2014 is a big year for me. Not only is it my 30th year of life, but it also marks 20 years since I was diagnosed with bone cancer. Surviving cancer and living with its aftermath for 20 years has profoundly shaped me and the choices I have made, mostly for the better. However, cancer also taught me a lot about self-doubt; although I hate to admit it, cancer trained me to think that I was fragile and seared into my brain the self-doubter’s chorus: “I can’t”. “I can’t have kids.” “I can’t run because I used my fibula to save my right arm.” “I can’t do XYZ sports because my right wrist is now fused.” “I can’t travel because I might get sick.” And so the cancer-survivor self-doubters’ anthem goes.
Why First Descents?
Last summer, I went on a trip that changed my life, and my outlook. An organization called First Descents (FD) invited me to spend a week whitewater kayaking in Montana with 11 other young adult survivors. I was excited, but terrified; I had been in a kayak exactly 5 times before, but never whitewater, and always with people I knew. I was especially scared that I would get out on the river and not be able to participate. Instead, the trip was completely life changing. First Descents brought each of us to those critical moments when our paralyzing fear sets in–I remember sitting in my kayak, “cryaking” as we termed it, looking down the river at a petrifying rapid, and the cancer-survivor self-doubters’ chorus “I CAN’T” was blaring in my head–except now, due to the incredible camaraderie developed between my fellow survivors, our guides, and our camp family, I was able to push past that petrifying fear, to mute the self-doubter chorus, and to do something that I previously thought was impossible. To say it was empowering is a gross understatement. Moreover, I was experiencing this with 11 other survivors who “got it”, and for many, with whom I had become close friends.
What’s “Team Here”, and What’s With this Challenge?
Over the week at First Descents, I (Chewie) grew especially close with three of my fellow campers (also by FD nickname): Mrs. Kemp, Pocaronas, & Spud. Our time at camp, and the advice of one of our guides in particular, underscored for each of us the importance of being present (HERE) and finding the courage to push ourselves outside of our comfort zone. To remind ourselves to continue to live by this philosophy after camp, we had a necklace made in the shape of Montana, engraved with the word “here”, which we pass from one person to the next. And while each is wearing it, we are reminded to challenge ourselves to channel the spirit of our FD adventure. While our personal challenges are different and varied, we wanted to work together to help give another young adult survivor the same life-changing experience we each had.
Chewie’s 30×30 Challenge
Here’s where this post comes full circle. As I began, I turn 30 this March. I want to start off this next decade of life by channeling the positive, empowering energy that came out of my first FD experience and helping a fellow survivor go to his or her first camp. One of the activities that I thought I would NEVER be able to do–and indeed, many others told me the same–was yoga. My right wrist, where my original tumor was, is fused because I elected to use my fibula to save my arm (after breaking the titanium bone we tried first, of course). Imagine some of the standard yoga poses, such as Adho Mukha Svanasana (Downward Facing Dog) or Bakasana (Crow), then try to imagine doing them with a fused wrist. Impossible, right? That’s what I thought too, for the longest time. But since First Descents camp, I’ve stepped up my yoga practice, and with the guidance and support of some of DC’s wonderful yoga teachers and a few amazing yogi friends, I’ve been developing, practicing, and honing a modified, yet challenging, yoga practice that helps me capture some of that empowerment I felt at camp every time I get on the mat.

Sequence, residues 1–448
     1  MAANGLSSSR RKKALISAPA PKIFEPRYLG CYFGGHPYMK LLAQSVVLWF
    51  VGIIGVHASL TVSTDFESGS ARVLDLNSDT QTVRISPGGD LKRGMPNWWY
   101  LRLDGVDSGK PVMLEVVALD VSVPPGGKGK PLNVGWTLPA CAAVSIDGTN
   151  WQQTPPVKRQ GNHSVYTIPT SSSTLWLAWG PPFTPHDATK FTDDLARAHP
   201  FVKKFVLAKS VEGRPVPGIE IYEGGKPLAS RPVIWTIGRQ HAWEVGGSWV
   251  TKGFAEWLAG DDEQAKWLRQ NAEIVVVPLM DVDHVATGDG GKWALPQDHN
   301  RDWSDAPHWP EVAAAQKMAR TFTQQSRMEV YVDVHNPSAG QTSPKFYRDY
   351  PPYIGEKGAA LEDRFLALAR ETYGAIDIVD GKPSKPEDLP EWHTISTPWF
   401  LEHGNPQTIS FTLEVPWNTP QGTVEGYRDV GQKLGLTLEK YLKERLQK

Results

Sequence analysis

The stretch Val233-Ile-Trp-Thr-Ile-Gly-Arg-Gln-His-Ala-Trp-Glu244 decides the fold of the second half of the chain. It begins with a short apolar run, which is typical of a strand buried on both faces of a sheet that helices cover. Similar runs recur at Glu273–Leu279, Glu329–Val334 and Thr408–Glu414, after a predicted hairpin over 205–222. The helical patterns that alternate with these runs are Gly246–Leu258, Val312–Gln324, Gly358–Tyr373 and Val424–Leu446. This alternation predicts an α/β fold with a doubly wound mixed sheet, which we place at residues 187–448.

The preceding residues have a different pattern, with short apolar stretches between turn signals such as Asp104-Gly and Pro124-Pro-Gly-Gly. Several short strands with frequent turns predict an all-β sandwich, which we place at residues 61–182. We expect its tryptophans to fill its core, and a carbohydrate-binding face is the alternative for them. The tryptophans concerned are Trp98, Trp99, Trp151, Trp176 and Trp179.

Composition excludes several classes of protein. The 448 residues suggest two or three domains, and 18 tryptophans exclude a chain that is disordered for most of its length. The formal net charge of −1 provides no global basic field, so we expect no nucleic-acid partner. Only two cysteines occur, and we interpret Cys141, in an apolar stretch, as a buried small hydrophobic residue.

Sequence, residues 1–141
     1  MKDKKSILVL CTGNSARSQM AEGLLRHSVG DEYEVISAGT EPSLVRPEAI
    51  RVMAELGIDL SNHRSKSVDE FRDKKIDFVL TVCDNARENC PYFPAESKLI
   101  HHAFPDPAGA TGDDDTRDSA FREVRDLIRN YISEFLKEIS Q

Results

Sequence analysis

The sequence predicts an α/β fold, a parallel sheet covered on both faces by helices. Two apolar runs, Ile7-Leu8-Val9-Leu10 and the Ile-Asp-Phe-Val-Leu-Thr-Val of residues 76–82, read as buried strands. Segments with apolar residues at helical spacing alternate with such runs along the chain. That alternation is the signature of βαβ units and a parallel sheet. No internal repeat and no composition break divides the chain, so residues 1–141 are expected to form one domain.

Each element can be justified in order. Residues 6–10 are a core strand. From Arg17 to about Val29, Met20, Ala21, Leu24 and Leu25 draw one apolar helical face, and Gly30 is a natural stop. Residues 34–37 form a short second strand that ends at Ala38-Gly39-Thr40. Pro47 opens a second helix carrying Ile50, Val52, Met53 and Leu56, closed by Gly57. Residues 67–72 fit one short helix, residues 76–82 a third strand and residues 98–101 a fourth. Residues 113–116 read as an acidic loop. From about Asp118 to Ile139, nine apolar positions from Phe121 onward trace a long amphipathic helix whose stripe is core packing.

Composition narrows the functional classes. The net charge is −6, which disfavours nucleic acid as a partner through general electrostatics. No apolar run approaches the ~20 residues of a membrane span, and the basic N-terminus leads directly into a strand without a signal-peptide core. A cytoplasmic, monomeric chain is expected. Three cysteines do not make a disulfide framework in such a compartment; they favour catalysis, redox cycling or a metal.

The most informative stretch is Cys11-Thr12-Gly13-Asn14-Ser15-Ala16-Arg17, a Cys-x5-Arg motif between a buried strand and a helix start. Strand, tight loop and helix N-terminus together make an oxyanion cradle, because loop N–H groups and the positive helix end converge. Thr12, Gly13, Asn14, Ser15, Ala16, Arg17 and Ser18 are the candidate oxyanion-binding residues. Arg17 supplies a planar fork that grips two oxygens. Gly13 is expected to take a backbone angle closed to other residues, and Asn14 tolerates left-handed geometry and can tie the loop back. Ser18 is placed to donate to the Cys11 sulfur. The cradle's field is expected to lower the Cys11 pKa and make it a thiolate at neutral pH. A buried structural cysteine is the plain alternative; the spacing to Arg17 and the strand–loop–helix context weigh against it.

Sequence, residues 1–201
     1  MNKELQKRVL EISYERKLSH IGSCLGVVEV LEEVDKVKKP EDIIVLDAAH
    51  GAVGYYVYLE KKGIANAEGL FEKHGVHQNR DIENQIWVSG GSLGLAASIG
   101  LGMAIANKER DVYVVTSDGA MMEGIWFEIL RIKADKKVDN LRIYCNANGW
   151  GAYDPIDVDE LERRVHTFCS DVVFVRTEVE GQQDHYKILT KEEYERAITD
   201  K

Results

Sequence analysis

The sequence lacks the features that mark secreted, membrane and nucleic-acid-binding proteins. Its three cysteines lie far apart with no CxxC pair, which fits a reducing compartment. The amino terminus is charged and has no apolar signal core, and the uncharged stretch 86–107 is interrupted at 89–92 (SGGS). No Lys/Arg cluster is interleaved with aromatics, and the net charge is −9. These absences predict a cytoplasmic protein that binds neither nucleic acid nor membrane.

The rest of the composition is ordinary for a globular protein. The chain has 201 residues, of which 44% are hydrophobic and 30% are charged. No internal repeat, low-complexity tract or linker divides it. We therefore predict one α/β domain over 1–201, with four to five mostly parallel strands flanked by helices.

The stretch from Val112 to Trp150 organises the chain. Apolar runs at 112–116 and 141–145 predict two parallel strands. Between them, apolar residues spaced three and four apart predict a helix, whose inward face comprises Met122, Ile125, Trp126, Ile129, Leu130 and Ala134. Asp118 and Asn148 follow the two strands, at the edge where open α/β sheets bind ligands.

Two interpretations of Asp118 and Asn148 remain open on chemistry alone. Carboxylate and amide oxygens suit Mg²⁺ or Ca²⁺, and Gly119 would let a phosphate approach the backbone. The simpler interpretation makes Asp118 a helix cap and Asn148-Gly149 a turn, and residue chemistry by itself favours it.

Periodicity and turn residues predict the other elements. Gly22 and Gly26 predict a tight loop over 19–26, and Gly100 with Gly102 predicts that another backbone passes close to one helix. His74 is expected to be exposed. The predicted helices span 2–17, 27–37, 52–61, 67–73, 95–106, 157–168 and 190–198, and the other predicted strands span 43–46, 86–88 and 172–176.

Thanks to my graduate school and work schedule, at best, I get to practice yoga 3, maybe 4 times each week. However, for the month of March, I am challenging myself to attend a minimum of a 60-minute practice every day. 30×30: 30 years of life, 30 days of yoga (with an extra day thrown in for good measure or extra credit.) This will be as much a scheduling challenge as a physical challenge, but I hope that forcing myself to set time aside for me every day will establish a precedent that I can carry forward into this next decade.
Whether you want to follow along or make sure I’m holding up my end of the bargain, I will be tracking my 30×30 challenge on Instagram, Facebook, Twitter, FourSquare, and here on this blog. I’ll share photos of my modified poses, successes & challenges on the mat, where I practiced and with whom, and other anecdotes along the way.
Every time I step on the mat, I will be dedicating my practice to bringing another survivor to camp. You can help me by contributing toward that effort. If you can give $3, $10, or even $30, all goes toward giving another young adult cancer survivor the experience of a lifetime. Plus, you’d make me a very happy birthday girl.
Many thanks friends. And here’s to the next 30.